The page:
No wonder, then, that the Scripture tells us that we have passed from death unto life because we agape love the brethren (1 John 3:14); and, that we have none occasion of stumbling in our walk; that is, when we abide in the light of agape love toward others (1 John 2:9-10). Certainly, He that loves not, knows not God, for God is agape love (1 John 4:8). Simply, it is to truly have Christ within, the nourished seed of God, who ultimately keeps us from all sin (1 John 3:9)!

Christians are commanded and to watch and keep their garments (Mark 13:33-37; Rev. 16:15). As demonstrated, Second Coming Theology negates all surprise in That Night, just focusing on the dawn. Likewise, any at-once redemption, including the automatic pre-trib Rapture of the entire Church, is very misleading. Conversely, we are to watch in That Night; we are to watch in the Tribulation. You see, again, to watch by New Testament standards is to use Christ's inner agape love toward others (1 Thess. 5:6 thru 8)—faith which works by love, lest we be hindered from obeying this outstanding New Testament truth (Gal. 5:6-7). So again, not only is the looking for the Day of Christ negated in the Church, also the proper teaching concerning watching is not taught in the Body of Christ.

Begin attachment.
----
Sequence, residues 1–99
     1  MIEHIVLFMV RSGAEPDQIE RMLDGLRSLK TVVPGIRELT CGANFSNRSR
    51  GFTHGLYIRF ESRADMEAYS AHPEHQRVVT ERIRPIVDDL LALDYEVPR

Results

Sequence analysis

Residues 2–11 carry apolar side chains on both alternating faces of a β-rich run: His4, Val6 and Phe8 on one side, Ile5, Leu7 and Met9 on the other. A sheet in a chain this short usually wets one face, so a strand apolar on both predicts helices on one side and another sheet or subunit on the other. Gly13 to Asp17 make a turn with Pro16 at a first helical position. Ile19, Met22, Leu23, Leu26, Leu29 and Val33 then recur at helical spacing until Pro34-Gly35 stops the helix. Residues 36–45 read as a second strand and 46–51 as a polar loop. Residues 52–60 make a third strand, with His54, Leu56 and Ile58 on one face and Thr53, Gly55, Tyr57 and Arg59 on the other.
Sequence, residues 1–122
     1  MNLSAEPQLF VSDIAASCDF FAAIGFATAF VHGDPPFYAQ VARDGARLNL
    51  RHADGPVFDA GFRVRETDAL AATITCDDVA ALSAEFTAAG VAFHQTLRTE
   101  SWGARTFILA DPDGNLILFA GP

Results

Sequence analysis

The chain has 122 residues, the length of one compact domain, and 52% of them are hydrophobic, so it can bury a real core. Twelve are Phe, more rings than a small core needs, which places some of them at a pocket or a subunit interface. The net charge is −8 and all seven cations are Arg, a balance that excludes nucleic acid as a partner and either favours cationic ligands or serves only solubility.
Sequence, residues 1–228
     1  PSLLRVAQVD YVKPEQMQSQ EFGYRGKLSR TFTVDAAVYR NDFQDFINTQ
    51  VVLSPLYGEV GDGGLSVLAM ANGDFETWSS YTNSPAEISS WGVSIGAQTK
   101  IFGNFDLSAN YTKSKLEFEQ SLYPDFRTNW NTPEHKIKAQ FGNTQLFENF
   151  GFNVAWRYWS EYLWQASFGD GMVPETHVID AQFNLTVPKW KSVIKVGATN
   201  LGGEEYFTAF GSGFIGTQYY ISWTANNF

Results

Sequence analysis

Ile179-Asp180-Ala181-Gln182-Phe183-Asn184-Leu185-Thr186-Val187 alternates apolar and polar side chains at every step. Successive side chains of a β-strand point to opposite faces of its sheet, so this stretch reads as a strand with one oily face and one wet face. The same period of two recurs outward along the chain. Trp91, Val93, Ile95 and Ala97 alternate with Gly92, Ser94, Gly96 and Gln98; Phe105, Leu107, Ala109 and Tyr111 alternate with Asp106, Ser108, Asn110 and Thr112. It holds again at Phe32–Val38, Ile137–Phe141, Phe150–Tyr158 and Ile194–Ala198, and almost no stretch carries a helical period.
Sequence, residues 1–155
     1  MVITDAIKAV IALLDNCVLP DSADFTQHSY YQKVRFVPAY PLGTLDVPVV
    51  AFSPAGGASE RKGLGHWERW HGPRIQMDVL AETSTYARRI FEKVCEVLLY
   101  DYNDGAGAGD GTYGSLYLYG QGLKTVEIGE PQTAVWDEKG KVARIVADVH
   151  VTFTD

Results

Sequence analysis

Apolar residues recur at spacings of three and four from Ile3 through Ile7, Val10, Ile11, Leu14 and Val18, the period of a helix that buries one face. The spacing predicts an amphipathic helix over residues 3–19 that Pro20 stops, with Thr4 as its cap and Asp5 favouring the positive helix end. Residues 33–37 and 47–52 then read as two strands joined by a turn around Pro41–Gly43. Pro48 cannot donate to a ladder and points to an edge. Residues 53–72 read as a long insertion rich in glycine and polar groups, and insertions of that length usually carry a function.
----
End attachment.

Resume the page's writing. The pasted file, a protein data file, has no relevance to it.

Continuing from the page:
Of course, many Christians from various denominations are in the flesh. Oh, they think they are serving the Lord—but more often than not, a real faith that works by agape love relationship with the Lord is lacking, even though they adhere to their rules of conduct. So there you have it; that is, the strongholds of the Devil within the Church—it is that simple. In other words, it is the Law of Faith that is neglected! Watch therefore!

The Ten Virgins

In no uncertain terms, the Parable of the Ten Virgins is more than worthy of our attention. And, if anyone should truly seek Christ’s meaning of the parable, they will gain considerable insight. For amid some divine truths, the parable holds vital information in answering a really serious concern: an untimely and early return of the Bridegroom, Jesus Christ, which is not a pre-night return.